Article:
Sikyon survey project

The 2006 season

Archaeological survey - South Plateau

In the southern plateau we continued our previous investigations moving eastwards and covering squares SP30.1 to 53.6. Here we noticed a significant difference in the ceramic density between the northern and southern part of the area that we covered.

In the northern part (SP30-40) we recorded densities in the range of over 2000 sherds per square, whereas in the southern part, along the Asopos gulley, average density dropped below 500 sherds per square. In addition, in this southern part the number of tiles often exceeded and occasionally doubled the number of pottery fragments. This is most likely due to a lack of long-term habitation in this area and the proximity of the city wall; the latter case accounts for the large number of tiles -mostly of Lakonian and some of Corinthian type- in three contiguous squares. Ceramic wasters, which apparently belong to the same, large industrial area that we located in previous seasons, were found in small concentrations over many tracts. It is noteworthy that we did not retrieve any wasters from the southern part of the area we covered.

Absolute sherd and rooftile counts from the 2004-2006 seasons in the South Plateau.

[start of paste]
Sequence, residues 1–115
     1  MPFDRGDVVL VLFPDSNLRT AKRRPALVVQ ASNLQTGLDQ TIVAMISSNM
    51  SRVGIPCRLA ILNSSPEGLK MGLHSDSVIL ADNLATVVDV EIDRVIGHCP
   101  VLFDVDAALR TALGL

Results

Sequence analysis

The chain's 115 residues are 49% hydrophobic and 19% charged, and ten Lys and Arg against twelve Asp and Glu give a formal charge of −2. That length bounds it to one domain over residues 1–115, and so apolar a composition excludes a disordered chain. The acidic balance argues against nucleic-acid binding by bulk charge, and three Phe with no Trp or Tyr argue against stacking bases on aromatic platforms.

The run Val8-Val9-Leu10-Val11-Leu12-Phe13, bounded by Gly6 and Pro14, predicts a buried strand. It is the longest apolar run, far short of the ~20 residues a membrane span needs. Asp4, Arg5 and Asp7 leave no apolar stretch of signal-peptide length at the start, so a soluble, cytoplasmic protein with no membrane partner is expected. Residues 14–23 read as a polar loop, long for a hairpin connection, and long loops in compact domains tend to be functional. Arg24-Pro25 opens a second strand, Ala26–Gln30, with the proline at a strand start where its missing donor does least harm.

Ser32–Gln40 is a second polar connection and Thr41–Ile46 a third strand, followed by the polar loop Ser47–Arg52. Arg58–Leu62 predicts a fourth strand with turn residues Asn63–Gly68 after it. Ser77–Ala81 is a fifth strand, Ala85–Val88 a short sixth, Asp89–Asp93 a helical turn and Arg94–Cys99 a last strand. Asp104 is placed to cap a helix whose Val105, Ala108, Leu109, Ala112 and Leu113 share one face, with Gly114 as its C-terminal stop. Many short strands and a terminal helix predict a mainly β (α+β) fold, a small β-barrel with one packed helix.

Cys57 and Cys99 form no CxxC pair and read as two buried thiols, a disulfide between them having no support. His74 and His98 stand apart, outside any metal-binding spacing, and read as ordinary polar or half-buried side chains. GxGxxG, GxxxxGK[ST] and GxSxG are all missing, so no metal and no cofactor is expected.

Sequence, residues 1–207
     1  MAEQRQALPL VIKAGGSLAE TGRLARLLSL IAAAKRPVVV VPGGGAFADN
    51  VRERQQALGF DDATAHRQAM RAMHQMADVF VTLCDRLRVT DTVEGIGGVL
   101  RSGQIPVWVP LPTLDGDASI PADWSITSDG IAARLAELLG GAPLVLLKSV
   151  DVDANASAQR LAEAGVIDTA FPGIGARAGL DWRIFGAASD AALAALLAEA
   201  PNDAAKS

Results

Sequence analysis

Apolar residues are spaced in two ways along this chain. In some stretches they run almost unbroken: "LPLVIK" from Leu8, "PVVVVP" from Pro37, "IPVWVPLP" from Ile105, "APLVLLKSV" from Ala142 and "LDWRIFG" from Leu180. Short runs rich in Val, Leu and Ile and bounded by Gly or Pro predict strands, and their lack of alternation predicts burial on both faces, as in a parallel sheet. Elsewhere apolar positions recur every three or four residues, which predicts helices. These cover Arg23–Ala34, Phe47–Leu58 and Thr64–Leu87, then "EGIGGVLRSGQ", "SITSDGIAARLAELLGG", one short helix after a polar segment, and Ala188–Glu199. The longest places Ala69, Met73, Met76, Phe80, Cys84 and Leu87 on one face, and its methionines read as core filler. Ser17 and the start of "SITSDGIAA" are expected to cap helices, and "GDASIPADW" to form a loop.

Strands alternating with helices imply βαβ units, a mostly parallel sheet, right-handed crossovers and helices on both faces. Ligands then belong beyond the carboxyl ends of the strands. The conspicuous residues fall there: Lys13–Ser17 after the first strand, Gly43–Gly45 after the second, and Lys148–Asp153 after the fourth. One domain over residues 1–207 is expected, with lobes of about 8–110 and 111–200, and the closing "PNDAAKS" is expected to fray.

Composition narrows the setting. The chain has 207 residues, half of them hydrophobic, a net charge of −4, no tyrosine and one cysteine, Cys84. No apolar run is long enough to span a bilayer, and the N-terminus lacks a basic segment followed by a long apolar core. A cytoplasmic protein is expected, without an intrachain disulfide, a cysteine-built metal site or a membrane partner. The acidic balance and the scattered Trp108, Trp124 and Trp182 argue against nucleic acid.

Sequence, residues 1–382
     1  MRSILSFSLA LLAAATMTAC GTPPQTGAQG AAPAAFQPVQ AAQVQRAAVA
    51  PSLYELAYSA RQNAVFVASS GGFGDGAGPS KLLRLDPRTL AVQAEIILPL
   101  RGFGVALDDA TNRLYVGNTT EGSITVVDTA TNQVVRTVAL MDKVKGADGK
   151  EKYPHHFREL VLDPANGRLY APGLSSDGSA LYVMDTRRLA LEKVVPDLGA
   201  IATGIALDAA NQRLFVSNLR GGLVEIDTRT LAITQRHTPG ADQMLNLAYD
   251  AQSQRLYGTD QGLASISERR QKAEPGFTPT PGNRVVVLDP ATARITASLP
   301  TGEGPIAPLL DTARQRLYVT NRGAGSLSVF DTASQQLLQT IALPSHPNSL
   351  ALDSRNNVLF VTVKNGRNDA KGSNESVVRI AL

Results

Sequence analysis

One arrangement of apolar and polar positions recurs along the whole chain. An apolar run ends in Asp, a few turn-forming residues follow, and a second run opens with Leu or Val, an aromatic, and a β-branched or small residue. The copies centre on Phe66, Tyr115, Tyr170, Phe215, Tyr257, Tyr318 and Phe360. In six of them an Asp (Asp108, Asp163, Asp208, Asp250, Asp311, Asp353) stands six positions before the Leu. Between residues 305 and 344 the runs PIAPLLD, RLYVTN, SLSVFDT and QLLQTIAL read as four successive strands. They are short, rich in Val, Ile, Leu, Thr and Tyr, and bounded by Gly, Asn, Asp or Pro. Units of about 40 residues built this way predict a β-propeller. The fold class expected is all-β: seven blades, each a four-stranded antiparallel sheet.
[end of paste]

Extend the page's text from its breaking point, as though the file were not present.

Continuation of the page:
Distribution of architectural fragments from the 2004-2006 seasons in the South Plateau.

Many architectural remains, both scattered and in situ, were found across the area, usually segments of walls built of ashlar blocks and integrated within the ancient grid.

In one square we located a wall built of rubble and mortar, manifestly of Roman or post-Roman date, while elsewhere we discovered part of the city wall, oriented NW-SE, that is parallel to the edge of the plateau on this side. This discovery confirms our belief that the wall surrounded the entire plateau, including its southern, more abrupt, side. High erosion rates along this side account for the obliteration of the line of the city-wall. (See the geo-archaeological report.)

Among the rest of the finds, which include fragments of two Doric columns (Fig. 19) and mosaic floors as well as a section of a stone channel (Fig. 20), most significant are the pieces of plaster, usually red, which were found in certain squares of tracts SP30, 32 and 35. In the same area, geophysical survey picked up a large residential unit with inner court.

Corner of a building in SP 46.3.

Part of the city wall in SP 45.4.

Fragment of a Doric column drum in SP 22.5.

Part of a stone channel in SP 41.3.